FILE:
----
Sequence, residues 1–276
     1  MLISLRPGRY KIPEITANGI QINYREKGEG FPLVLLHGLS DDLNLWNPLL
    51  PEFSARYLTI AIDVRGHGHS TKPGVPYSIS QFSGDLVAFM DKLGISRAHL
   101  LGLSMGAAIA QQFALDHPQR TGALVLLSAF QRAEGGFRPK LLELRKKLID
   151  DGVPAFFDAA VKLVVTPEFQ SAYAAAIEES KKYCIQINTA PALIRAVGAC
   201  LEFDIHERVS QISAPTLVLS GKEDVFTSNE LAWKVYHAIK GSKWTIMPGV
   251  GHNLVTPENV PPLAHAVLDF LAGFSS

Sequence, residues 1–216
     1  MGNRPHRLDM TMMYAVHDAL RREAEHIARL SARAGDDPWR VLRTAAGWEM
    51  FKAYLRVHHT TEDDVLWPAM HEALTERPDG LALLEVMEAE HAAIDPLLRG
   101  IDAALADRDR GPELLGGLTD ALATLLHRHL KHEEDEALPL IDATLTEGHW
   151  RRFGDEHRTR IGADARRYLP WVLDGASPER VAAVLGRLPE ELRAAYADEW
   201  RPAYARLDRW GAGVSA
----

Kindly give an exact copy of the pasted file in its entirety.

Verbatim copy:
Sequence, residues 1–276
     1  MLISLRPGRY KIPEITANGI QINYREKGEG FPLVLLHGLS DDLNLWNPLL
    51  PEFSARYLTI AIDVRGHGHS TKPGVPYSIS QFSGDLVAFM DKLGISRAHL
   101  LGLSMGAAIA QQFALDHPQR TGALVLLSAF QRAEGGFRPK LLELRKKLID
   151  DGVPAFFDAA VKLVVTPEFQ SAYAAAIEES KKYCIQINTA PALIRAVGAC
   201  LEFDIHERVS QISAPTLVLS GKEDVFTSNE LAWKVYHAIK GSKWTIMPGV
   251  GHNLVTPENV PPLAHAVLDF LAGFSS

Sequence, residues 1–216
     1  MGNRPHRLDM TMMYAVHDAL RREAEHIARL SARAGDDPWR VLRTAAGWEM
    51  FKAYLRVHHT TEDDVLWPAM HEALTERPDG LALLEVMEAE HAAIDPLLRG
   101  IDAALADRDR GPELLGGLTD ALATLLHRHL KHEEDEALPL IDATLTEGHW
   151  RRFGDEHRTR IGADARRYLP WVLDGASPER VAAVLGRLPE ELRAAYADEW
   201  RPAYARLDRW GAGVSA